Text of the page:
I came across an article from Harvard Business Review titled “Why People Really Quit Their Jobs”. It’s an interesting read worth checking out. It reminded me of a Glassdoor survey I saw recently that said voluntary quits are at an all-time high.
We’ve been talking about the shift to a candidate-driven market for quite some time. That’s not a surprise. What does surprise me are the reasons employees are leaving. On one hand, we have organizations reciting the old mantra “People don’t leave jobs; they leave bad managers.” And then, I read this Society for Human Resource Management (SHRM) article that says the majority of people leave for money.
I don’t have to tell you that those aren’t the same thing. So, which one is it? We haven’t done a poll in a while. I thought this might be a good question to ask.
Organizations say that engaging and retaining employees is a top priority. If that’s true, then understanding the reasons that employees may start looking is key.
Image captured by Sharlyn Lauby while exploring the streets of Key West, FL16
Don Johnson says
My vote was for other and here’s why. If I told I’m looking for more opportunity to make a bigger difference in an organization would you understand? With so many organizations doing such a better job at engaging their workforce they are now looking for more fulfillment. A little engagement leads to desire for more. Pay has dropped since the recession and is slowly coming back closer to where it was but the rest of the world is catching up in the meantime. The U.S. was in a pay bubble, much like the Real estate bubble, compared to other countries. That’s my point of view;)
Harold Ingmire says
It is common for people to leave due to poor managers (have done that a couple of times), but recently more due to pay and/or benefits costs.
There has developed a perception in the workforce that I believe give unrealistic expectations on new jobs and their new supervisors, forgetting that work is work (and hard) and the new supervisor and co-workers are at work, and the social side of life is better kept separate from work. Work is usually a lot harder than gaining the education and lower skill sets that you gain to climb the ladder. I see people of all generations get their enjoyment from the success of the their hard work.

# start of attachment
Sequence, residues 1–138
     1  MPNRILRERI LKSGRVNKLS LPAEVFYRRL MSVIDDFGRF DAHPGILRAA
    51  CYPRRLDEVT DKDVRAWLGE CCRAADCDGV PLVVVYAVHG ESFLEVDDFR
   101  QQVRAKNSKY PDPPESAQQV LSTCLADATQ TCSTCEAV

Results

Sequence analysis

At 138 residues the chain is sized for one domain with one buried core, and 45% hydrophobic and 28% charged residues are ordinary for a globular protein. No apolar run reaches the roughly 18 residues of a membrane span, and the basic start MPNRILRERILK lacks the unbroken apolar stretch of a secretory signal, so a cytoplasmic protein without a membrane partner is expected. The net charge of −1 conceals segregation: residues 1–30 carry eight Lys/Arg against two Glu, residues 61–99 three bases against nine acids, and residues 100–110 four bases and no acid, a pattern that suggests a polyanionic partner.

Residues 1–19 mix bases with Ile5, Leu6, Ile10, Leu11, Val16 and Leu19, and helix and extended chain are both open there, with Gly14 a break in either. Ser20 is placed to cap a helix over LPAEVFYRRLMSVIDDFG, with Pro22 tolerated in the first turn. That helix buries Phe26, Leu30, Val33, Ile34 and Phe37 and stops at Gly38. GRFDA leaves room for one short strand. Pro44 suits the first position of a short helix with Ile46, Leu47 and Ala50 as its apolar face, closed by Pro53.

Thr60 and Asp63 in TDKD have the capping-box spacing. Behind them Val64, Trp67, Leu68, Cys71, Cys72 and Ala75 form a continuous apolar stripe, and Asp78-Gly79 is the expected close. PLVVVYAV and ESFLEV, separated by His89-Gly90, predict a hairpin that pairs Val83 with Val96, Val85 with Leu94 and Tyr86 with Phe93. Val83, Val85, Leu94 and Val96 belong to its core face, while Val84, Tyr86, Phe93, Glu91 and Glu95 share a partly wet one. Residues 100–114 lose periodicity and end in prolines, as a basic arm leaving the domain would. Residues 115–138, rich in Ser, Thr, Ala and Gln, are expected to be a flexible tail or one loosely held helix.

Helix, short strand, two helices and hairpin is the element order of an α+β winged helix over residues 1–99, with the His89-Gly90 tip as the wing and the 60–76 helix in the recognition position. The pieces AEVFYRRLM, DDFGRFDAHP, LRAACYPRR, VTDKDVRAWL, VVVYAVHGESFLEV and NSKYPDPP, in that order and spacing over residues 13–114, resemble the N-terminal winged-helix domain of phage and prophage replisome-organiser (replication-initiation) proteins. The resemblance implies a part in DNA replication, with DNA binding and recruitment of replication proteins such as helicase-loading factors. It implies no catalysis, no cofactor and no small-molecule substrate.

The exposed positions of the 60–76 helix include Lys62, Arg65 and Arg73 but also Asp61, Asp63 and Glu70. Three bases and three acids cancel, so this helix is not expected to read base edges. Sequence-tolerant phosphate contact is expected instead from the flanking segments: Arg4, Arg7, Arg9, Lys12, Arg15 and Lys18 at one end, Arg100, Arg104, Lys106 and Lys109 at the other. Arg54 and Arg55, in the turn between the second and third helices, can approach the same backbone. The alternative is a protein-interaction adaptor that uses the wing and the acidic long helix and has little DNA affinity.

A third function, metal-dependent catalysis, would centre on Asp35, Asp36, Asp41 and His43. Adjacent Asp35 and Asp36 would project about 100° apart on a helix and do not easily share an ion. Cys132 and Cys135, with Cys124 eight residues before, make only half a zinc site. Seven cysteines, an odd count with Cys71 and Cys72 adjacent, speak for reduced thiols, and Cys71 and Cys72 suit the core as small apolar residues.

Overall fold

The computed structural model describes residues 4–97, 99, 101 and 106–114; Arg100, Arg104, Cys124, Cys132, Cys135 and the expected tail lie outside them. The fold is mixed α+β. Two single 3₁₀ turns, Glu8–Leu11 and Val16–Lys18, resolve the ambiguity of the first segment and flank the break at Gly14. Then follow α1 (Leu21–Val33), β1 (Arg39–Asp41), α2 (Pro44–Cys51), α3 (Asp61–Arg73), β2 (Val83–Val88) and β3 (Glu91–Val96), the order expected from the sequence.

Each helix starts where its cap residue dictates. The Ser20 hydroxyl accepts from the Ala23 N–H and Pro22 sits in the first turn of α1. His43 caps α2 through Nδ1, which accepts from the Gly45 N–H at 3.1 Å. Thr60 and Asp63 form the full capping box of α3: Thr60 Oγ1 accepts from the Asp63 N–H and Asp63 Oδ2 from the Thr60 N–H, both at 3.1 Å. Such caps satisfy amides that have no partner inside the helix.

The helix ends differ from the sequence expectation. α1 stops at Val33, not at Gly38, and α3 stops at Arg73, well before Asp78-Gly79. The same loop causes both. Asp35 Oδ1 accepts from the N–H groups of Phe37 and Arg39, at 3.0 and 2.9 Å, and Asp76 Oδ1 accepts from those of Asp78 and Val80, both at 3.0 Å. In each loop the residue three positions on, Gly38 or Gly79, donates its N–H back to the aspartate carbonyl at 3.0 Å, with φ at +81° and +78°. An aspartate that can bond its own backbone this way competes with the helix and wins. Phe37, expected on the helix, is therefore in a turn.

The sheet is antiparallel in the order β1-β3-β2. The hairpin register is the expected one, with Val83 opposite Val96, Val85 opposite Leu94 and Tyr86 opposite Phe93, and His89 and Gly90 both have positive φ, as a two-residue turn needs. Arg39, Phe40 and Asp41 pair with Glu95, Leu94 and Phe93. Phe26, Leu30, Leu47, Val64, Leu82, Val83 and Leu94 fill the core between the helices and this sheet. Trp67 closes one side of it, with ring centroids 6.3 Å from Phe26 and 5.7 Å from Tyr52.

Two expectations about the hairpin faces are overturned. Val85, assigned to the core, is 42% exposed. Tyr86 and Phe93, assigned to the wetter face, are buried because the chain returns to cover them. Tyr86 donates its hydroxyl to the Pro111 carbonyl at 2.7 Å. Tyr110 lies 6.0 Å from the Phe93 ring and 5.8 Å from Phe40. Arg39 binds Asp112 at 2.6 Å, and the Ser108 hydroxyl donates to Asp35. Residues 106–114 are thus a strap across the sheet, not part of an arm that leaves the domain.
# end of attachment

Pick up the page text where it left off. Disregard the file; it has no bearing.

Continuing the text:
Much of the “soft side of work” we earn through our efforts at being competent, good team members and earning the respect most of us want from our peers and supervisors. Why do you think people leave companies that are fun, warm and fuzzy? While very nice, I do not think it matches the benefit of “earned respect”.
I had to vote “other” because two of the responses were equally weighted. Being able to select multiple answers (up to 2 or 3) would have been nice.
I want to qualify my response of better pay and benefits. Money is not the number one motivator for me. I would rather make less money if I were supported and felt valued in my position. I specifically left my previous job for lack of support from the C-suite.
In my current position, I am in the C-suite, with a wonderful GM and a flexible schedule. I struggle to find a substantial reason to want to leave, hence my response. Although I can say that I have actually been offered more money on two separate occasions, but in both instances I rationalized not having to commute to my current job versus switching.
jennifer theron says
Employees Leave An Organization is lack of motivation.
Management is the art of getting things done by and through others. An Enterprise/organization is established to achieve some pre-determined objectives. These objectives can be achieved only if the employees of the enterprise contribute their wholehearted efforts.
nisha gupta says
Thanks alot for the powerful knowledge you have impacted on me.